By Carmen Elena Villa
SYDNEY, MARCH 3, 2010 (Zenit.org).- Rosemary Goldie, the first woman to occupy an executive post in the Holy See, died Saturday in Sydney.
Paul VI called her “our collaborator.” John XXIII affectionately named her the “little one” (“la piccinina,”) because of her stature. Cardinal Albino Luciani (who later became John Paul I) defended her energetically faced to criticisms by some women’s organizations.
John Paul II visited her while her office was in the Vatican’s St. Calixtus Palace and Benedict XVI also saw her during his trip to Sydney in 2008.
Rosemary Goldie worked closely with many in the Vatican, having been appointed in 1967 as undersecretary of the Pontifical Council for the Laity, a post she held for almost a decade.
She died at age 94 in a residence for the elderly run by the community of the Little Sisters of the Poor, located in Sydney’s Randwick sector.
Speaking to ZENIT, the current undersecretary for the laity council, Guzman Carriquiry, described her as “one of the protagonists of the great contemporary historic current of the promotion of the laity in the Church.”
“She accompanied the crucial decades on the topic of the dignity and responsibility of the lay faithful in the Church,” Carriquiry stated.
Serving the Church
Though Goldie was born in Manley, Australia, on Feb. 1, 1916, she lived the greater portion of her life in Rome, from 1952 to 2002.
As a young woman she studied in the University of Sydney and, thanks to a scholarship from the French government, continued her studies at the University of Paris. Among her professors was the famous philosopher Jacques Maritain. Through him, Goldie came into contact with Grail, an organization of Catholic lay women, and with Pax Romana, an international federation of Catholic intellectuals.
After World War II, Goldie returned to Australia where she took other university courses and promoted Grail and Pax Romana at the local level. Eventually she returned to Paris to study for a doctorate in French literature.
Goldie then went to Fribourg, southern Germany, as an employee of Pax Romana. In October of 1952 she traveled to Rome to become part of the Permanent Committee for International Congresses of the Lay Apostolate (COPECIAL).
As she worked to prepare the Second World Congress of the Lay Apostolate, which was held in Rome in 1957, she came into contact with persons such as Joseph Cardjin, who was later appointed a cardinal, and with the then Monsignor Giovanni Battista Montini, who years later became Pope Paul VI.
In 1959, when Pope John XXIII announced the Second Vatican Council, the permanent committee was requested to help in the preparation.
Goldie was one of the first women who were chosen to collaborate as auditors in this council — an unprecedented move in Church history which had before only admitted men.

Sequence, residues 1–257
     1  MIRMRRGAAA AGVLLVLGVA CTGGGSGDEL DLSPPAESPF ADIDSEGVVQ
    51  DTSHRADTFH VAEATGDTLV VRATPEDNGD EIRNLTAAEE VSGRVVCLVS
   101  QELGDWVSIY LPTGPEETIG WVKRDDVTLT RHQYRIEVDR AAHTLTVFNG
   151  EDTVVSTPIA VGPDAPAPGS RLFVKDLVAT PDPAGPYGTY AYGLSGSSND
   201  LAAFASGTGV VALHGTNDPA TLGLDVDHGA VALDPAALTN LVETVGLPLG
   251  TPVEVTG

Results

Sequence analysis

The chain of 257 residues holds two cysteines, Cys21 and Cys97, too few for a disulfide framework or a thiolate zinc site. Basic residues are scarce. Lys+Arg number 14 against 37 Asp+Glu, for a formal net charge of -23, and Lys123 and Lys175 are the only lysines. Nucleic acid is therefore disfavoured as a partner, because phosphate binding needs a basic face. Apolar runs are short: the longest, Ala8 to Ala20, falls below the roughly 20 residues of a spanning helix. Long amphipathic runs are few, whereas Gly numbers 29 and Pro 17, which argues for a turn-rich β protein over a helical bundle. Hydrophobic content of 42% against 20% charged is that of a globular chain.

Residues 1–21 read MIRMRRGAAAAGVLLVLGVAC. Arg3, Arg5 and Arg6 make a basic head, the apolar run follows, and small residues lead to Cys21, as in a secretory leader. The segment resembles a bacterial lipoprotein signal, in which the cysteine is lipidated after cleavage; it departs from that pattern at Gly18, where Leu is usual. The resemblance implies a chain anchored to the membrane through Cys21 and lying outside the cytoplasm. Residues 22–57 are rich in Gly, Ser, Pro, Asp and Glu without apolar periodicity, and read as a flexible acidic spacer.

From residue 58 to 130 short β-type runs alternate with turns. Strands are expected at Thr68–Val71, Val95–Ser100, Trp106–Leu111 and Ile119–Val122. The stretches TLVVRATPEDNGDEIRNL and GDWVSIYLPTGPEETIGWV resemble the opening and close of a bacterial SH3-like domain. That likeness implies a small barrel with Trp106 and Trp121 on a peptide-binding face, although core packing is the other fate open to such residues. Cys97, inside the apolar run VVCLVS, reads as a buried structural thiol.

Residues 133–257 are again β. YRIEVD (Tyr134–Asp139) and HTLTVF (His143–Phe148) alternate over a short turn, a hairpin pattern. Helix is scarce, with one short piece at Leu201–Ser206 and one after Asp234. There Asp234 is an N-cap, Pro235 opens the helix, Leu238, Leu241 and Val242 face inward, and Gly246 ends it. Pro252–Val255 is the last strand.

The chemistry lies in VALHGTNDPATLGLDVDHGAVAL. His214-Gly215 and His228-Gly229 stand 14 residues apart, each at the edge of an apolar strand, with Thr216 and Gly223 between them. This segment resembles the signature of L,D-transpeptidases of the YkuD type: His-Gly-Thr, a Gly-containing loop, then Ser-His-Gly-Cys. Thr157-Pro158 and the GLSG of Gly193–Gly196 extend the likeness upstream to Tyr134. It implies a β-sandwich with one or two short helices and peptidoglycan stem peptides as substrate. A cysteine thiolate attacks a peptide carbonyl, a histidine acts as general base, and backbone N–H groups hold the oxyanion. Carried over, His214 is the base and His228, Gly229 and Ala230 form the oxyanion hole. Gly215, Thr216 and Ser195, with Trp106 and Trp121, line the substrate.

In 1967, as the Australian worked to organize the third congress of the lay apostolate, her committee was replaced by the Pontifical Council for the Laity. Goldie was appointed as one of the two undersecretaries.
On leaving her post in 1976, she went on to teach pastoral theology at the Pontifical Lateran University.
Carriquiry recalled the five years that he collaborated with Goldie: “I appreciated not only her faithful Christian witness but her tireless service in the Roman Curia.
“She was very committed to the work of this new organism. She came in early in the morning to work in our office and left late. This was not her only work as she had her home where she always gave her best.”
The president of the Australian episcopal conference, Archbishop Philip Wilson of Adelaide, recalled her courage: “At a time when the laity, particularly lay women, had to face struggles to have a voice in the affairs of the Church, Rosemary Goldie made history, being the first woman appointed as official in the Vatican Curia.”
After her retirement, Goldie continued working as thesis director for some of her students. In 1998 she published the book “From a Roman Window,” and prepared the edition of an autobiography of her mother, the writer Dulcie Deamer.
On returning to her country, she decided to live in the residence of the Little Sisters of the Poor, where her mother had died 30 years before. From there she continued to serve the Holy See as a consultor of the laity council.
Carriquiry stated, “We know how at the end of the council there were so many crises and turbulence in several organizations of the associated laity.”
He pointed out that Goldie “had very serene and balanced judgment, always maintaining ecclesial communion in a strong and tireless manner.”
“When I say tireless,” Carriquiry continued, “I repeat, because truly her whole life was concentrated in a very singular and absorbing way on the work she carried out through this organism of the Holy See.”